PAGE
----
Edited by Azizi Powell
This post is a transcription of a May 27, 1957 Billboard magazine article entitled "Big Tops Boom But Chanteys Disappear" by Tom Parkinson [Chicago] (page 1-67). The subtitle of that article is "Mechanization Leaves Only Memories of Canvasmen’s colorful Work Chants" and the article can be found at http://books.google.com/books?id=vh0EAAAAMBAJ&pg=PA1&lpg=PA1&dq=circus+chanteys&source=bl&ots=W-6V9h8Zym&sig=EqKkNeD5XzHKQnW5VOnw4HGMckw&hl=en&sa=X&ei=5vUAVPiHEcvnsAT_y4LoCg&ved=0CCAQ6AEwAA#v=onepage&q=circus%20chanteys&f=false
The book Folklore From The Working Folk Of America edited by Tristram Potter Coffin and Hennig Cohen (Anchor Press, 1973) includes a shortened version of this article "Circus Chanties" [pp 61-63). I read that article before finding the longer Billboard magazine article via Google. Notes about that book passage are given in the comment section below.
The content of this post is presented for folkloric, historical, and cultural purposes.
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Thanks to the singers and the collectors of these chanties. Thanks also to Tom Parkinson, the author of that Billboard article which may be the only source of information about and examples of circus chanties.
FULL TRANSCRIPTION OF 'BIG TOPS BOOM BUT CHANTEYS DISAPPEAR" by Tom Parkinson
"Circus big tops are far from extinct, but what has disappeared are the distinctive chanteys of the big top crews.
Similar work chanteys of sailors and plantation workers have been written down and, in some cases, popularized. But circus canvasmen, like their fellow specialists in various show fields have escaped notice for the most part. Now their lore is all but gone.
Time was that the singing and chants of the Negro work crews were as much a part of the action as were the rhythmic pounding of stake hammer crew and long string drivers.
Now although there are almost as many big tops in the air as ever, it’s a different breed of men that works show canvas. The newcomers aren’t so inclined to sing as were their predecessors. Last year a big top boss tried to revive the old chanteys, but he had no luck.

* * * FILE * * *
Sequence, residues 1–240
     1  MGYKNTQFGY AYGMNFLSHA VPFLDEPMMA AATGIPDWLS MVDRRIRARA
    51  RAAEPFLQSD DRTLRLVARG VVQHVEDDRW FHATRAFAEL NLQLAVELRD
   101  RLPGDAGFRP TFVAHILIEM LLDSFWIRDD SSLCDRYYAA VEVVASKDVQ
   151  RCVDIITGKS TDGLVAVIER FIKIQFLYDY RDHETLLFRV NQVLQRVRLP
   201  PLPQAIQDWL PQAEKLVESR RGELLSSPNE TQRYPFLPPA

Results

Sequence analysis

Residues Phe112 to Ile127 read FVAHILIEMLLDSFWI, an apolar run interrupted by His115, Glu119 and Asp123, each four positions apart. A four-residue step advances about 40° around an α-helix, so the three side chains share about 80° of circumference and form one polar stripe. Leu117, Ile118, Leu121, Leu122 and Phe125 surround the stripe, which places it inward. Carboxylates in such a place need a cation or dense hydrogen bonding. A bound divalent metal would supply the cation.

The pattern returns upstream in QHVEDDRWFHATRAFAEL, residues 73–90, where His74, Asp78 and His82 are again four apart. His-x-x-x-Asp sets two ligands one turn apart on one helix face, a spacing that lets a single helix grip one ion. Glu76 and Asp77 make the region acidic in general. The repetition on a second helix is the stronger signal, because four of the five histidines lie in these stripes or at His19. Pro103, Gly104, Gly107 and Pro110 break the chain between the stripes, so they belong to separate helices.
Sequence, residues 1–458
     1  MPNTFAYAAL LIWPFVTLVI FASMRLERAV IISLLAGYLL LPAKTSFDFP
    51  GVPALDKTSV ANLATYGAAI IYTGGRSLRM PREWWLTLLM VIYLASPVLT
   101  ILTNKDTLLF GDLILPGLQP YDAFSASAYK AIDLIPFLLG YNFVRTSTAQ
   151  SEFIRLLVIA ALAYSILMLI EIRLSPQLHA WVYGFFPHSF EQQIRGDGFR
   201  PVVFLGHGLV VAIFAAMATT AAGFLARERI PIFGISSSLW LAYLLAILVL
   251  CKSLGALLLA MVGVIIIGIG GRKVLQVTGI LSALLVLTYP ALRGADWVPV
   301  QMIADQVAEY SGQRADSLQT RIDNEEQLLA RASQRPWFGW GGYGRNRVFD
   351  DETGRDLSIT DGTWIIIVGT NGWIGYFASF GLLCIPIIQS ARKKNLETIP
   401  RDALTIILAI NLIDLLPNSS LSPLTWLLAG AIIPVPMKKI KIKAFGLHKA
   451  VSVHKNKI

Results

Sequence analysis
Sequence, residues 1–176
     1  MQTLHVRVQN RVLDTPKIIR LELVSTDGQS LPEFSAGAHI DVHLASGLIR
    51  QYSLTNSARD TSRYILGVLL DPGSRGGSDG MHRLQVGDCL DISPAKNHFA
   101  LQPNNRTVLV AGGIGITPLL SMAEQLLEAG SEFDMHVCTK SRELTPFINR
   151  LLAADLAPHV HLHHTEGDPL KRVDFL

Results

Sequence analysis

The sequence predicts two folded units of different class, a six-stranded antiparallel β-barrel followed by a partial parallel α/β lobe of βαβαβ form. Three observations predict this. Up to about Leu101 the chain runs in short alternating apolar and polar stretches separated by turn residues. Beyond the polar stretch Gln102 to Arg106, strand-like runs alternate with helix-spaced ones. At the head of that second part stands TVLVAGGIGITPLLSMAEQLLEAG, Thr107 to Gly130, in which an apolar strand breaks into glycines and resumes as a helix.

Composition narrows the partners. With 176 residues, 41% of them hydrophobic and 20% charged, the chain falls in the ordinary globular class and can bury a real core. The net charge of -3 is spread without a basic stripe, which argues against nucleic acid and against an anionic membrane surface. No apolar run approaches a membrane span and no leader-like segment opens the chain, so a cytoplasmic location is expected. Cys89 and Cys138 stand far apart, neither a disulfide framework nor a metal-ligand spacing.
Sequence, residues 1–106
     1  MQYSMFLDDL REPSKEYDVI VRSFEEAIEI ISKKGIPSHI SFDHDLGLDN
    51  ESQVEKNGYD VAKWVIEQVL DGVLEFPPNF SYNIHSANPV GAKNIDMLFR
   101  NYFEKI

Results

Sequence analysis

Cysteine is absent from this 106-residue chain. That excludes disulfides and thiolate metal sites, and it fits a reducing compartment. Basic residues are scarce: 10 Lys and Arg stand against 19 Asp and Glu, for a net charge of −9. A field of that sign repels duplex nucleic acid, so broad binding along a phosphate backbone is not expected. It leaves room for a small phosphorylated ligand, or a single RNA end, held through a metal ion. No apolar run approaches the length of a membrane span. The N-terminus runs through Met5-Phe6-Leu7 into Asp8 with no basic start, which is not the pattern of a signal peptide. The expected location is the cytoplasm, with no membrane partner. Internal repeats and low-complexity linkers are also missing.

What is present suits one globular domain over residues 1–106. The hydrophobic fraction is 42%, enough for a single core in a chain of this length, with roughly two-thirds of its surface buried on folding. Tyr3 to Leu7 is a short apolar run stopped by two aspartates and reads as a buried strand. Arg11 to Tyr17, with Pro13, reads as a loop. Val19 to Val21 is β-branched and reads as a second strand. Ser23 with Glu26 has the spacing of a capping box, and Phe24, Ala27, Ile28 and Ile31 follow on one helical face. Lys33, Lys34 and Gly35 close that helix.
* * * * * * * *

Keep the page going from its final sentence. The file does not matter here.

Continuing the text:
First Time Published
As far as is known, these chanteys have never been written down before. The only exceptions are a couple of verses of the simplest chanty, the kind used by the advanced and experienced crew. One such version goes:
'Heave it, heavy
"Shake it; break it
"Shove it down
One of the last versions of this to be used was recorded by Edward Hogsband in a novel he wrote after being with the Ringling Brothers show a few seasons ago. He quoted it phonetically
Re-aar baack jump- jump- jump-vrawgaloong.
This translate into “Rear back, jump, jump jump, walk along” and it is as close as recent crew have come to the old chanteys. The earlier ones not only had more color and music to them, but they also avoided the near mechanical terms of this one.
More Loose Ends
Here is how the chanteys were used. After a big top is in the air, it’s necessary to tighten the ropes with which it is staked down. Around the edge of the tent are many side poles; on a 150 foot round top with three 50 foot middle pieces, for example, there are 50 poles.
At each pole position there are two ropes. One, the main guy, extends outward to a stake. The other is called a pull rope, and the canvasmen pulls at it, in time to a chantey, to tighten the knot. A man at the stake takes up the resulting slack in the main guy by pushing the half–hitch knot further down on the tent stake. Once the main- guy is staked down, the pull rope also is tied off, and it becomes a stores guy, an extra protection in bad weather.
An early chantey went like this:
“Oh you shake it and you break it;
"You fall back and take the slack;
"You pull with all your might.
"To get the old rag tight;
"The slack you must take,
"So he can push it down-stake;
"And now we’ll move along.
The rope caller’s polite last line was the crew’s clue to move to the next ropes. Once they worked clear of the 150 by 300- foot big top, and down- staked 80 main guys, they repeated the circle to guy out the other 80 extra guys. The purpose of these is to create a depression in the tent surface for rapid drainage of rain water. Side poles hold the tent edge high, extra guys between them pull the edge downward.
Like Square Dance
This means crew guyed out 160 ropes on a sample tent. To that were sometimes added 26 quarter-pole guy ropes. Finally, in some sections of the country or in some weather conditions, the boss canvasman ordered use of the so-called funny ropes. More properly, these are scissor ropes because they extend from one wall pole to the next stake, crossing over each other to give an added brace against heavy wind. The whole process is called ragging out.
Pearly Houser, who now keeps an eye on the canvas of the Al G. Kelly and Miller Bros. Circus, recalls when they “called the rope”, like calling a square dance, with a two-part chantey in which the caller used ballad-like lines and the crew answered with a version of “yo-heave-ho” as they pulled the rope.
When Houser was with Barnum & Bailey for a tour of Europe nearly 60 years ago, they called out this tune:
"I hit my wife (Yo, heave)
"With a singletree (Yo, heave)
"You ought to hear her holler (Yo, heave)
"Oh, Lordee, don’t murder me (Yo, heave)
Womenfolk of the big top gang had it rough, if the chanteys Houser recollects are a guide. A second one went: